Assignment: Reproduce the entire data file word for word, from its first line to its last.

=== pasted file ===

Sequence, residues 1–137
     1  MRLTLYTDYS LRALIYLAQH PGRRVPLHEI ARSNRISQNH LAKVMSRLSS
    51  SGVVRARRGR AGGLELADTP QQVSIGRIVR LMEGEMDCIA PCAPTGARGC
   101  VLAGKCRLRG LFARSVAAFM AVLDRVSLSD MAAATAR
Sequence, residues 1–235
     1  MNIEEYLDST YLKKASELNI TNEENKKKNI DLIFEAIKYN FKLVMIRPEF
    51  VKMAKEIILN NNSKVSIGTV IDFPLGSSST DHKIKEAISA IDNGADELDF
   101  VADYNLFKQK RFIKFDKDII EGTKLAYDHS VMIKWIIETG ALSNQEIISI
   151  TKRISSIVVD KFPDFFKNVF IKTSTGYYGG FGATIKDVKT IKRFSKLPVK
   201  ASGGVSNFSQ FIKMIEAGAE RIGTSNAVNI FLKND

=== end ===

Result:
Sequence, residues 1–137
     1  MRLTLYTDYS LRALIYLAQH PGRRVPLHEI ARSNRISQNH LAKVMSRLSS
    51  SGVVRARRGR AGGLELADTP QQVSIGRIVR LMEGEMDCIA PCAPTGARGC
   101  VLAGKCRLRG LFARSVAAFM AVLDRVSLSD MAAATAR
Sequence, residues 1–235
     1  MNIEEYLDST YLKKASELNI TNEENKKKNI DLIFEAIKYN FKLVMIRPEF
    51  VKMAKEIILN NNSKVSIGTV IDFPLGSSST DHKIKEAISA IDNGADELDF
   101  VADYNLFKQK RFIKFDKDII EGTKLAYDHS VMIKWIIETG ALSNQEIISI
   151  TKRISSIVVD KFPDFFKNVF IKTSTGYYGG FGATIKDVKT IKRFSKLPVK
   201  ASGGVSNFSQ FIKMIEAGAE RIGTSNAVNI FLKND